Caroline Cox, Ian Eppler  //  5/16/18  //  Daily Update


U.S. Border Patrol has consistently undercounted the number of deaths of migrants on American soil. North Korea suggests that it may back out of the summit with the United States in response to joint South Korea–U.S. military exercises. The White House announced plans to eliminate the top cyber policy advisor position. In a memorial event for law enforcement officials killed in the line of duty, President Trump stated that a “dangerous anti-police prejudice” is growing in the United States. The Trump Organization has brought on a Chinese state-owned company as a partner for a real estate development project in Indonesia, raising questions about potential conflicts of interest after the Trump administration expressed support for ZTE, a Chinese electronics company under US sanctions.

 

TRUMP: INVESTIGATIONS & LITIGATION

A federal district judge denied former Trump campaign manager Paul Manafort’s motion to dismiss his indictment by the Special Counsel’s office on the grounds that the Special Counsel lacked authority to prosecute him (Politico).

  • The opinion is available here.

 

IMMIGRATION 

Defense Department communications signal that the Trump Administration plans to hold migrant children on military bases (WaPo).

U.S. Border Patrol has consistently undercounted the number of deaths of migrants on American soil, writes Bob Ortega in a two-part series at CNN.

The Ninth Circuit heard arguments today in a challenge to President Trump’s recission of the DACA program (AP; Bloomberg).

 

CIVIL RIGHTS

The Trump Administration’s approach to toxic coal ash is leading some Native American communities to argue that the Administration is ignoring tribal concerns (LA Times).

Racial biases may be playing into lines policymakers are drawing in work requirements for Medicaid, housing aid, and food assistance, write Emily Badger and Margot Sanger-Katz at the New York Times.

 

DEMOCRACY

House Speaker Paul Ryan has scheduled a briefing for members of Congress that will discuss the Trump Administration’s work toward election security (The Hill).

Officials from the Department of Homeland Security met with Pennsylvania officials to discuss election security during the Commonwealth’s primaries (The Hill).

 

JUSTICE & SAFETY

North Korea suggests that it may back out of the summit with the United States in response to joint South Korea–U.S. military exercises (NYT, WaPo).

Palestinian protests against Israel and the new U.S. Embassy in Jerusalem have decreased but not died off completely in their second day (NYT).

  • The Hill reports that the United States is pushing against UN probes into the violence.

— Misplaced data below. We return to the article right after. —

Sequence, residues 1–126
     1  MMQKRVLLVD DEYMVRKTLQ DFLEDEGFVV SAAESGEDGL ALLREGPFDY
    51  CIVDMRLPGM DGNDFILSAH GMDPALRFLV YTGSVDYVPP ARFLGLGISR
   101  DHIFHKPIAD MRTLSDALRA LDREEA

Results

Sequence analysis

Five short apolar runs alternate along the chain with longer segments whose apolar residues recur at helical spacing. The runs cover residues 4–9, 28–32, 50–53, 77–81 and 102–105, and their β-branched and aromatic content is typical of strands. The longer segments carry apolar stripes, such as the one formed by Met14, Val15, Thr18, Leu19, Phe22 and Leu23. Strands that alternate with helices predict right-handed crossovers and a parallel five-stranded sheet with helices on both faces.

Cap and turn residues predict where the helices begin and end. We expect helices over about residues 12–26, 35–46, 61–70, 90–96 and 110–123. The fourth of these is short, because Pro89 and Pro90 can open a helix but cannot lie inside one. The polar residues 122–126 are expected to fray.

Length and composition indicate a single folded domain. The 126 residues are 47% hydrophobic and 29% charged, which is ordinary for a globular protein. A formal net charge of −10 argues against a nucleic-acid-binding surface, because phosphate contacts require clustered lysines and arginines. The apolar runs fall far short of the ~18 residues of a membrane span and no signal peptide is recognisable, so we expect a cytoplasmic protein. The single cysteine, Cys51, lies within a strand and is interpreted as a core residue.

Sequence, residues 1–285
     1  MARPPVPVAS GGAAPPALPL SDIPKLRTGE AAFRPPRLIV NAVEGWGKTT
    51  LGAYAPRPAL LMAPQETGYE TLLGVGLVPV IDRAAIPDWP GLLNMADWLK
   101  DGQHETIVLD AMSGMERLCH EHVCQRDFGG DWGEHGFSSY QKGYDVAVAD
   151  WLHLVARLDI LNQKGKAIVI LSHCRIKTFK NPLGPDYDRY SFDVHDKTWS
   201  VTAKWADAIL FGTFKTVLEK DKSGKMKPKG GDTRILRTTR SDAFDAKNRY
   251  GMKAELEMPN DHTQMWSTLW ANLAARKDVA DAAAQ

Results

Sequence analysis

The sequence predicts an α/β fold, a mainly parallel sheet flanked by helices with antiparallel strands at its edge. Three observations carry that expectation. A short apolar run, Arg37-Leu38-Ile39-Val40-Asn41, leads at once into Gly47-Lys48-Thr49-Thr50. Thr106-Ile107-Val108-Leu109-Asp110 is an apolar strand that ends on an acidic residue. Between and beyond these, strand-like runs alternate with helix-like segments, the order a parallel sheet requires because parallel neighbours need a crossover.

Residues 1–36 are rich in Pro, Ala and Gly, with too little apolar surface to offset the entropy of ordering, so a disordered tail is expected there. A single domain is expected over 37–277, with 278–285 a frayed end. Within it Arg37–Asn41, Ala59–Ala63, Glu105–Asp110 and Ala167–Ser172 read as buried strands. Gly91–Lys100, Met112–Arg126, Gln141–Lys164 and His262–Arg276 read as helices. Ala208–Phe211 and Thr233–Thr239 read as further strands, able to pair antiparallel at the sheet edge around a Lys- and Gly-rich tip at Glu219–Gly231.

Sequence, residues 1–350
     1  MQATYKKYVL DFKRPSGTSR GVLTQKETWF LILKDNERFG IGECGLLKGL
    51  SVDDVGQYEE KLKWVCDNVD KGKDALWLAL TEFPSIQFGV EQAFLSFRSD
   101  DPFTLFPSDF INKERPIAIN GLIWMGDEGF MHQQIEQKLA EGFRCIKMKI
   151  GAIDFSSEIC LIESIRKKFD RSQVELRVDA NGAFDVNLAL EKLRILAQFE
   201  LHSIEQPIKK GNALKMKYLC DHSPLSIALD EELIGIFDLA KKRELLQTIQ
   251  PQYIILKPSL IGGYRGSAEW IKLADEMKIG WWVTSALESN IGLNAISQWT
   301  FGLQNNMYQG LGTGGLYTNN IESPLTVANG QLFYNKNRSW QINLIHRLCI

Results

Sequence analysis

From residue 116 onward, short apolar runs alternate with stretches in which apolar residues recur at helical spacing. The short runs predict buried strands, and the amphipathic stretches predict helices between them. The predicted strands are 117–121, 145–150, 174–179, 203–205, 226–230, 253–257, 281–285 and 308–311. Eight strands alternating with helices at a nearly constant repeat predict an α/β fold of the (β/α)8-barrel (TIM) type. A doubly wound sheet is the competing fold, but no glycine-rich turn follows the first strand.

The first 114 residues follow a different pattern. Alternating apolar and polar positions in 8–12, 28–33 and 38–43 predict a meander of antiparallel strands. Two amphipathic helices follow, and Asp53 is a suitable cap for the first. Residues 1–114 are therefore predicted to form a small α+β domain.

• The Washington Post writes that UN Ambassador Nikki Haley defended Israel’s actions.

A new strategy from the Department of Homeland Security provides a framework for addressing the evolving cyber threats (Reuters).

The White House announced plans to eliminate the top cyber policy advisor position (The Hill).

After months of investigation, prosecutors are still unable to bring charges against a former CIA employee who was identified as a suspect in a CIA hacking tools leak (WaPo).

The United States announced new sanctions on Iran’s central bank governor for allegedly providing support to terrorists (Bloomberg).

In a memorial event for law enforcement officials killed in the line of duty, President Trump stated that a “dangerous anti-police prejudice” is growing in the United States (Politico).

 

CONFLICTS OF INTEREST

The Trump Organization has brought on a Chinese state-owned company as a partner for a real estate development project in Indonesia, raising questions about potential conflicts of interest after the Trump administration expressed support for ZTE, a Chinese electronics company under US sanctions, report Alexandra Stevenson and Richard C. Paddock in the New York Times.  

  • The Trump Organization’s involvement in the project may violate the Emoluments Clause, suggests Helaine Olen in the Washington Post.
  • President Trump’s support for ZTE defies explanation, argues Heather Long in the Washington Post.

 

REGULATION

President Trump issued an executive order rescinding some national monument designations made under prior administrations, but it is unclear whether the Antiquities Act authorizes presidents to rescind these designations, notes Justin S. Daniel in the Regulatory Review.

A negotiator for the Mexican government suggested that talks on revisions to the North American Free Trade Agreement will likely continue beyond a Thursday deadline, making it unlikely that Congress will be able to vote on proposed revisions before the midterm elections (WSJ).

Breaking with longstanding practice, the Environmental Protection Agency will not consult with California’s regulators before proposing new vehicle emissions rules (WSJ).